TOONZONE NEWS: One other really big influence I detect on it is Westerns, and I’m old enough to remember watching The Lone Ranger and Gunsmoke, where they were shows kids watched with a lot of gunplay going on. Was that another influence as well?
ASAPH FIPKE: I’ve always loved Westerns myself, and yeah, I would have been old enough to have grown up in the 70’s with Westerns around me. But I guess the greatest Western that ever was for kids of that era was Star Wars, so the idea that you can kind of do something of a Western and sort of incorporate it into a futuristic world is definitely an influence in something like Slugterra.
ASAPH FIPKE: Yeah, that’s the important thing. Not only are they OK with it, they like it. In fact, the slug’s purpose is to be launched out and reach velocity, because from there their inner power is released, so they love it.
TOONZONE NEWS: You’ve moved from the weekly half-hour TV show format to these new movies, the second of which was released on August 2nd. What was the driver behind making that shift?
ASAPH FIPKE: I think after the 39 episodes, the idea of making some events that push our main characters deeper into the lore and into the underground world of Slugterra just seemed to fit best with a longer format. We created a lot of new characters and a storyline that ran through the 39 episodes, and we wanted to explore that deeper in a way that a half hour can’t quite do. That along with our DVD partner, who had suggested that we go down this route and create some interesting “stunting” around the DVD release to air it theatrically for in limited theaters around North America.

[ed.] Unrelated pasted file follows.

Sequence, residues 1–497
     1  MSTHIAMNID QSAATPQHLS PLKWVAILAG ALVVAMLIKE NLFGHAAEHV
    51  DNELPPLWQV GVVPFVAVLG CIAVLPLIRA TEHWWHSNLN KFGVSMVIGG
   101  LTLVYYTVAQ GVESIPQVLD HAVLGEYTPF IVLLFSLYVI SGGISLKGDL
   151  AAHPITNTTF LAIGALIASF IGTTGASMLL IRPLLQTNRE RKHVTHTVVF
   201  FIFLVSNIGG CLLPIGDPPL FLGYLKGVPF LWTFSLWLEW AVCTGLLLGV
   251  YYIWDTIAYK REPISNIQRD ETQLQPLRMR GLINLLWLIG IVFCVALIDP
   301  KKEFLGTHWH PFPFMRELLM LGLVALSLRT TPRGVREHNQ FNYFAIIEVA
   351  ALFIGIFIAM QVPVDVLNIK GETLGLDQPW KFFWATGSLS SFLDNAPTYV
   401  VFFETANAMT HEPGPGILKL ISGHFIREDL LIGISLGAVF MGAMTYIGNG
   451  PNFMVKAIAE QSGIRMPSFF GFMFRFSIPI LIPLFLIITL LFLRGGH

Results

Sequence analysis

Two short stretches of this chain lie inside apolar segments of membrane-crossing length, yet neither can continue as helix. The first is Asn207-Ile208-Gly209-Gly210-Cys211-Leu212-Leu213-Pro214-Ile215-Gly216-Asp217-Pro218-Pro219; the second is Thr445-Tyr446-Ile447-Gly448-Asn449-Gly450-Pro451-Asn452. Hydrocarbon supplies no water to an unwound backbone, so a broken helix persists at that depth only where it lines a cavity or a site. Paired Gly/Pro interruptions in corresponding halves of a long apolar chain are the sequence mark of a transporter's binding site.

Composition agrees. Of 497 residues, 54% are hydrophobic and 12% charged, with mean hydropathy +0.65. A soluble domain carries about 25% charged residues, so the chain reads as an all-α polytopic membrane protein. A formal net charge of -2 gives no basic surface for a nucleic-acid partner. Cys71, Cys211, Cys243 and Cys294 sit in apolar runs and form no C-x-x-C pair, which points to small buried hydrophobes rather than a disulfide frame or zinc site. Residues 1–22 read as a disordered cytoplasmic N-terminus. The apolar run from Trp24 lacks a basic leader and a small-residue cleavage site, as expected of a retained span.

TOONZONE NEWS: So are there plans to go back to TV?
ASAPH FIPKE: Oh, yeah. We’re about to greenlight another season. We’ll have 3 movies and then we’ll greenlight a new season of Slugterra.
TOONZONE NEWS: And I’m assuming that the movies are going to set up the next season of the show?
ASAPH FIPKE: Well, kind of…it’ll sort of wrap up some of the new characters and the new stories that have come in, but we’re going to go to new places, and that will require another season to explore those things. So that’s the plan.
TOONZONE NEWS: You certainly came up with a cool villain for the first movie. I thought that was one of the bigger surprises, this intelligent and really manipulative slug. How long ago did you come up with that? Were you able to set that up at all in the TV show?